Contract requisitions and purchase orders are essential to the efficient management and control of acquiring products. This applies both internally and externally so that your business can operate successfully. A purchase requisition is an internal document submitted within an organization to the purchasing department. It outlines which supplies need to be purchased from an outside vendor.

What Information Do Contract Requisitions Need to Include?

Purchase requisitions will vary from business to business, but most generally require certain basic information:

  • Name of the department requesting the item(s)
  • Description and quantity of requested item(s)
  • Expected price of purchase
  • Name of customary vendor used

Who Approves or Denies a Contract Requisition Order?

The purchasing department will either approve or deny the contract requisition. While organizations vary in how they make purchases, smaller purchases are often bought directly from retailers using a company credit card, which eliminates the process of requisitioning the purchasing department.

When Are Contract Requisition Orders Needed?

Standard procedures for many companies require a purchase requisition when a purchase is expected to exceed a set amount. For instance, at Tufts University, when a purchase is expected to exceed $2000, an internal request must be sent to the purchasing department in the form of a purchase requisition for approval and purchase. On the other hand, purchase requisitions are required for all purchases, big or small, at many businesses.

A purchase order is sent to the outside vendor requesting the goods and initiating a sales transaction only after the purchasing department approves the purchase requisition.

What Information Does a Purchase Requisition Need to Include?

Just like purchase requisitions, purchase orders will vary from business to business, but will generally require certain basic information:

  • Name of purchasing office
  • Description and quantity of item(s) being purchased
  • Ship to address
  • Payment terms and invoicing instructions
  • Purchase order number

The purchase requisition number will typically share the same number as the purchase order, to assist in record keeping. A purchase order is considered a binding contract between the vendor and the buyer once the vendor has accepted the purchase order. While the majority of the time a purchase order is sent to an outside vendor, there are times that the purchase order may be used internally.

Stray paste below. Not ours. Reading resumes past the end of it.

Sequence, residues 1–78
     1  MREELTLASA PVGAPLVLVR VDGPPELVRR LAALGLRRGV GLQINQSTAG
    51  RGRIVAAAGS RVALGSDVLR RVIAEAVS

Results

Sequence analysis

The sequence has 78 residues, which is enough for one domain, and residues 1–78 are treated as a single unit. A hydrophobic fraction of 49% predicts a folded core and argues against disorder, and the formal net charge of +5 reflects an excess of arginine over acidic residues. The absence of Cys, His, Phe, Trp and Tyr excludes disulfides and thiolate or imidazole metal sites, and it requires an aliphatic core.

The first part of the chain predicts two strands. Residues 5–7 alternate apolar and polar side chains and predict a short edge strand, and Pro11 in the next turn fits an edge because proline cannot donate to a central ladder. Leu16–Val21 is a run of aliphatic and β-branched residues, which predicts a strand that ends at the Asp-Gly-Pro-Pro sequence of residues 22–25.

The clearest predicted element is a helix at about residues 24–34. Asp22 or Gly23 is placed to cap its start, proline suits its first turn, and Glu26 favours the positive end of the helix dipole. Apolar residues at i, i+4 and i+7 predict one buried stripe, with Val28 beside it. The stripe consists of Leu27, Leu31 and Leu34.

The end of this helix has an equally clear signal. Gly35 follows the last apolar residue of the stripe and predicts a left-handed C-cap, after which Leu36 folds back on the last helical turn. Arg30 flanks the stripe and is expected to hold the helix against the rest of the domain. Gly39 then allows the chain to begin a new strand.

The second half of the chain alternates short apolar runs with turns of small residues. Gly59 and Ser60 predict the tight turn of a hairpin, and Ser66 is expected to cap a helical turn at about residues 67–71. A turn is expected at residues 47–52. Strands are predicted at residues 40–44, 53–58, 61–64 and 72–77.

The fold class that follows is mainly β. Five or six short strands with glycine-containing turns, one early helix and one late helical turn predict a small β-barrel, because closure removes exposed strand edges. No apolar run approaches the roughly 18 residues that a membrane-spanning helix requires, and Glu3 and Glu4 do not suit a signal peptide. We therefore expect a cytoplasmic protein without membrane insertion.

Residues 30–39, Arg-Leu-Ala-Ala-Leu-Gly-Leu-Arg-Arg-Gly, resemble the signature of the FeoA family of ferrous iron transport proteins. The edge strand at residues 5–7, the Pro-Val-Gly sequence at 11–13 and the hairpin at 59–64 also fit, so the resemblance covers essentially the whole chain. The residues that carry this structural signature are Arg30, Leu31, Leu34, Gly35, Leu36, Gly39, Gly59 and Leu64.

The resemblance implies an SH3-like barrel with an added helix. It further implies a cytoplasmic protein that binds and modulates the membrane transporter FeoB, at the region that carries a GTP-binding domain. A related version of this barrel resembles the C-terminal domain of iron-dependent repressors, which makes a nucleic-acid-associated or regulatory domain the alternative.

When a department wishes to purchase an item from another department within the same organization, many businesses require an interdepartmental purchase order to be submitted by the purchasing department. Interdepartmental purchase orders can be especially helpful for accounting purposes in large businesses that have separate operating budgets.

Why Should Contract and Purchase Requisitions Be Carefully Reviewed?

It is important that the vendor review all numbers, quantities, and terms of the purchase order. From this point, it then becomes possible to negotiate the terms and conditions if necessary, before accepting the purchase order/contract. In addition, any retainage should be discussed and agreed upon before accepting the contract. Retainage is a portion of the total cost that is withheld until all obligations have been met.

Once received, both parties should examine the contract to ensure that the contract's terms and obligations are clear and as expected. This is especially important if there were negotiations made prior to acceptance.

Most contracts include a large amount of details, but when reviewing the initial contract, a checklist of basic items should be included and reviewed to ensure parties are able to meet the contract terms:

  • Review item(s), quantities and bid proposal to ensure accuracy
  • Review the agreed upon price and review agreed upon retainage
  • Confirm terms of pricing to clarify specific details, such as liquidated damages and fees for permits
  • Confirm schedule terms to clarify specific details, such as weekend, holiday, and evening work, weather delays, etc.
  • Payment terms should reflect when final payment is made

The entirety of the contract should be reviewed and examined carefully, but the above are a few critical items to check upon receiving the contract. Don't forget that getting the job is only half the battle. A well-written contract that is understood by both parties can help eliminate future surprises or disagreements once the contract takes effect.

Once the contract has been fully executed, the next contractual issue that makes a big difference in cash flow is invoicing.

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